History teaches us that dictatorship rarely invades the society like a wild beast. It instructs that tyranny is often a homegrown monster. It’s a tame, overindulged animal that evolves into bestiality.
Nigeria is witnessing that ugly metamorphosis in their incumbent president. Muhammadu Buhari is asserting himself, though, as an unreconstructed tyrant; an older version of the military dictator he used to be.
Last week Friday, the day Donald Trump was inaugurated as the 45th President of the United States, Nigerian security officials fired at a group of Nigerians celebrating the event in Washington. The civilians, members of Indigenous People of Biafra (IPOB), were rallying on the streets of Port Harcourt, in support of a new American leader they naively presumed would help them win independence. Nigerian agents attacked them, in violation of the citizen’s constitutional right to freedom of assembly.
To be sure, the protesters were excited and exuberant. But they were peaceful and unarmed. They carried harmless symbols of their cause: Flags, banners, placards. Still, their innocent outing earned them state gunfire.
The Nigerian Police said the protesters suffered disproportionate force because their solidarity rally was "illegal." They had neglected to secure a ‘permit’ from the police. Moreover, the protesters were found in possession of "some flags bearing the inscription of IPOB and other incriminating items."
The particulars of the so-called ‘incriminating items’ remain a secret. The police have yet to divulge the name of the ‘exhibits’. Proof that the disingenuous police sought to implicate the people by invoking nonexistent evidence!
This clampdown on Biafra activists is a continuation of Buhari's anti-dissent program. He is determined to stifle any view that doesn’t align with his. He regards the dissenter as a dangerous foe.
Since his return to power, Buhari has made a duty of denouncing the ambition of the Biafran campaigners. Although, he would go to United Nations General Assembly and openly express support for the independence quests of the peoples of Western Sahara and Palestine, he casts the disaffected Nigerians interrogating the British bequest called Nigeria as rebels craving for war: He calls them malcontents worthy of extermination.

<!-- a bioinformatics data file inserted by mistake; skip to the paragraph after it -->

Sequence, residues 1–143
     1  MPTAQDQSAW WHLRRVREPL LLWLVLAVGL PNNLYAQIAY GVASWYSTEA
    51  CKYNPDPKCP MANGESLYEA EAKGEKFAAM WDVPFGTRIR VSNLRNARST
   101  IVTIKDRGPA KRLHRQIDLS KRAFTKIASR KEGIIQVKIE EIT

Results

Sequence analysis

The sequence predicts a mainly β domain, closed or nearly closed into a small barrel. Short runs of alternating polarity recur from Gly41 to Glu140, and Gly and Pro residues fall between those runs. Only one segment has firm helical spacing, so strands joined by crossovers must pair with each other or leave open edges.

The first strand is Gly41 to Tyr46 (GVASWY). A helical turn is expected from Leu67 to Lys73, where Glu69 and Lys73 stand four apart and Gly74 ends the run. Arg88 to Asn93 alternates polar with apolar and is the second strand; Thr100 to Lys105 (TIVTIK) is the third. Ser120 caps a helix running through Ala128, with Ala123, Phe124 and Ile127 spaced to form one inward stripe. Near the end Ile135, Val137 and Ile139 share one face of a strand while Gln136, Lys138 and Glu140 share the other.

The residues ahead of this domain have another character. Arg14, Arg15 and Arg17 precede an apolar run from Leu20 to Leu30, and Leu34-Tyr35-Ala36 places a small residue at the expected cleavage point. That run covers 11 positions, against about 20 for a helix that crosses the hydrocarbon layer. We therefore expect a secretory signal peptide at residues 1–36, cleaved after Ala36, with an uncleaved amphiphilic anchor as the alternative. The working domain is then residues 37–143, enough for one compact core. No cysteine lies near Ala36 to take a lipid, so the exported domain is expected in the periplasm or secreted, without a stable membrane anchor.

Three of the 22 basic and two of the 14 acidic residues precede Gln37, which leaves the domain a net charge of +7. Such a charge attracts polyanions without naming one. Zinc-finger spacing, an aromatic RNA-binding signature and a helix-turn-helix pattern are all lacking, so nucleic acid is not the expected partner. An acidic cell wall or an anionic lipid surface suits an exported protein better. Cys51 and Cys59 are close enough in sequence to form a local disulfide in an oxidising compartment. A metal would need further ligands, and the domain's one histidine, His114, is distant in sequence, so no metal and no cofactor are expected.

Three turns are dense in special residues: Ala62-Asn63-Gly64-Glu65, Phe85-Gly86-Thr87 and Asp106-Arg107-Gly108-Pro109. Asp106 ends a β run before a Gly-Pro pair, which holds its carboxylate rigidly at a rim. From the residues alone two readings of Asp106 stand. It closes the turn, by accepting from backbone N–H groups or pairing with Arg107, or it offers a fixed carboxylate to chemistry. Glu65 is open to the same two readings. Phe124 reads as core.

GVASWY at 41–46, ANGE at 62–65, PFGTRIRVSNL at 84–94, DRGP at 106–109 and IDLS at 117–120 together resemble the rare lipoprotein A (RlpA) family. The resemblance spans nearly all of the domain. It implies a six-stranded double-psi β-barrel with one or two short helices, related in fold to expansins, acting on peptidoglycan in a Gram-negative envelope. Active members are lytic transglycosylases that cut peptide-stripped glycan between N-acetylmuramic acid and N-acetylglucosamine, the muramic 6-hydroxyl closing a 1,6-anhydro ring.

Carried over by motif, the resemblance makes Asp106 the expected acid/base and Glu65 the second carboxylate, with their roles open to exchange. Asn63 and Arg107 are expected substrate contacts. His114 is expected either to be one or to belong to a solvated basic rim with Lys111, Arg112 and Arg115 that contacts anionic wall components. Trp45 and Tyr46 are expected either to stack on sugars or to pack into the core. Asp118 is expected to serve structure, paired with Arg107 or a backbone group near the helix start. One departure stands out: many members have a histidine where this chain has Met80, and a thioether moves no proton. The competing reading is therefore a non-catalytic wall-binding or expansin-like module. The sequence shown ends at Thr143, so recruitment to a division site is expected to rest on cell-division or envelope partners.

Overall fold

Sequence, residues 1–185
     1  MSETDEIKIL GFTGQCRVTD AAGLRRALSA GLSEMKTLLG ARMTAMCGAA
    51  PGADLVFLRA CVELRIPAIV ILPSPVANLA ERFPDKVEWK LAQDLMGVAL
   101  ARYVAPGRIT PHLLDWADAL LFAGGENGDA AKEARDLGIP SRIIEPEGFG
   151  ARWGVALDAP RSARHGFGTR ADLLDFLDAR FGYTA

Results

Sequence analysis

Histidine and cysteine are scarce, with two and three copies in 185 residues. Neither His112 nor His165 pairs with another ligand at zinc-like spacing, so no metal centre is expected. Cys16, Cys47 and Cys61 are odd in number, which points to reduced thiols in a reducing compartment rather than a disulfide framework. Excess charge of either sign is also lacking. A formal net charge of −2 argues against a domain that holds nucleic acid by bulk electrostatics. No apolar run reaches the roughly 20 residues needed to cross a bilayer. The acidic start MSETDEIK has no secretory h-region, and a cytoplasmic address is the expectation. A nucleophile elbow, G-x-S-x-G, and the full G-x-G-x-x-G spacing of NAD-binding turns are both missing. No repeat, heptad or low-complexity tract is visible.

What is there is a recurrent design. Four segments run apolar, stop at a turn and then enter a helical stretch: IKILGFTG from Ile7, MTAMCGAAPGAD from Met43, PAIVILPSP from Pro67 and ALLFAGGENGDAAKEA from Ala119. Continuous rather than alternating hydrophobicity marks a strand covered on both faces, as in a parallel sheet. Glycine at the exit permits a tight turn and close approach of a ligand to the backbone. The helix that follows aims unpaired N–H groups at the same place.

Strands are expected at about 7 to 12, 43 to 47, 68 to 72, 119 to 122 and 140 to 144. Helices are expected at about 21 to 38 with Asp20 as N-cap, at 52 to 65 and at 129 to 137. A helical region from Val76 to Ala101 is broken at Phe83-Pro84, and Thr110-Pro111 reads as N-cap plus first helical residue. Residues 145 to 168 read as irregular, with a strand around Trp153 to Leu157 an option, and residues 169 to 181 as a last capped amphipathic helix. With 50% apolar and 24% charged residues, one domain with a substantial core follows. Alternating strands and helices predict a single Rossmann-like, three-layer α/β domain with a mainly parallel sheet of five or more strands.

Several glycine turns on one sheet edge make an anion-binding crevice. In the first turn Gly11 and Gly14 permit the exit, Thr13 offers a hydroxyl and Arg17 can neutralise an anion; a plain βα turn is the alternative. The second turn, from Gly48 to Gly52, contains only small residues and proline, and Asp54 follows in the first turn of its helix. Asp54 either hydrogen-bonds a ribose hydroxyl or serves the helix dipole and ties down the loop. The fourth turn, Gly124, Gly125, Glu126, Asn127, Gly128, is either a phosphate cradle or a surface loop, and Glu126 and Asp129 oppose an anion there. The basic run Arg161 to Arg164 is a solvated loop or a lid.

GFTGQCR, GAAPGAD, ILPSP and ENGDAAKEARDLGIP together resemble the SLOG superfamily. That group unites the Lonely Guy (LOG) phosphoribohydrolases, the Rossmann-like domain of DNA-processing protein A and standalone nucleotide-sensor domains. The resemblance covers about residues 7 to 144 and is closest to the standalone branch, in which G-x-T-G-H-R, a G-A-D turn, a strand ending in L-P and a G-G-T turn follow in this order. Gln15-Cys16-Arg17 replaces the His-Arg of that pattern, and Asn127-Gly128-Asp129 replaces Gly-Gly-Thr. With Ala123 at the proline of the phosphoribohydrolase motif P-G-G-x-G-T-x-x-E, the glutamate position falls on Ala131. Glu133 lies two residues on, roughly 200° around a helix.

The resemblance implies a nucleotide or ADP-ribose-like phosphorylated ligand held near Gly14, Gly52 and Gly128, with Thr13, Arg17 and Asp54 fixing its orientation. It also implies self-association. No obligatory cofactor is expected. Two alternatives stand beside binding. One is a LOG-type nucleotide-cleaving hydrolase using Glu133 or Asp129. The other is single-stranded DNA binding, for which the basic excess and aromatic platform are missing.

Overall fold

His demonization of pro-Biafra activists derives from a mortal fear of the word, 'Biafra.' The veteran of Nigeria/Biafra civil war feels personally threatened by the history it echoes. This phobia makes him view Biafran activists as an existential threat to Nigeria. And this explains why he has transformed his private dread into state policy. Nigerian security agencies work with his characterization of the Biafran renaissance movement as an adversary. This is the reason why they massacre ‘Biafrans’ like a patriotic obligation.
In Buhari's Nigeria, state agents lynch Biafran enthusiasts out of a sense of responsibility. And the most appalling part is that the bullying has happened so frequently it is now normalized. The larger Nigerian populace acquiesces to this resort to jungle justice. Many Nigerians have come to accept that the price of supporting Biafra is instant execution. They even consider ‘Biafra people’ suicidal. The ‘Biafrans’ are cowards provoking Nigeria to assist them kill themselves!
In November 2016, Amnesty International published report that concluded the Nigerian security agencies killed ''at least 150 peaceful pro-Biafra protesters in the Southeast of the country'' between August 2015 and August 2016. The graphic report was a chilling result of a painstaking investigation that involved ''analysis of 87 videos, 122 photographs, and 146 eye witness testimonies.'' The finding established that the Nigerian military ''consistently'' ''fired live ammunition without warning to disperse the crowds.''
A local civil society organization, Campaign for Democracy, estimates that about 2000 pro-Biafra protesters were wasted within the period.
The exact casualty figure of the latest crackdown is still being disputed. The Sun reported that 11 people were shot dead. The Nigerian Police – police you can always trust to lowball the death toll in matters like this – claims that no life was lost. Yet, there is broad agreement that Nigerian security agents, as they are wont to, engaged deadly weapons and caused Nigerian civilians harm.
The Friday incident will not be the last of its kind under Buhari. The killing of Biafra activists by Nigerian security agencies is likely to continue throughout his tenure. Because he believes that Nigeria is ‘non-negotiable’ and that any suggestion to rethink, reimagine or reorganize the colonial patchwork he manages is a capital offense.
In Buhari's Nigeria, Nigerian security agents are authorized to show up and shoot whenever and wherever Biafran activists gather. The apparent goal of the shoot-at-sight policy is to diminish the pro-Biafra groups; to drain the movement of lifeblood. To kill so often and so casually that people are too scared to flirt with the Biafran agenda.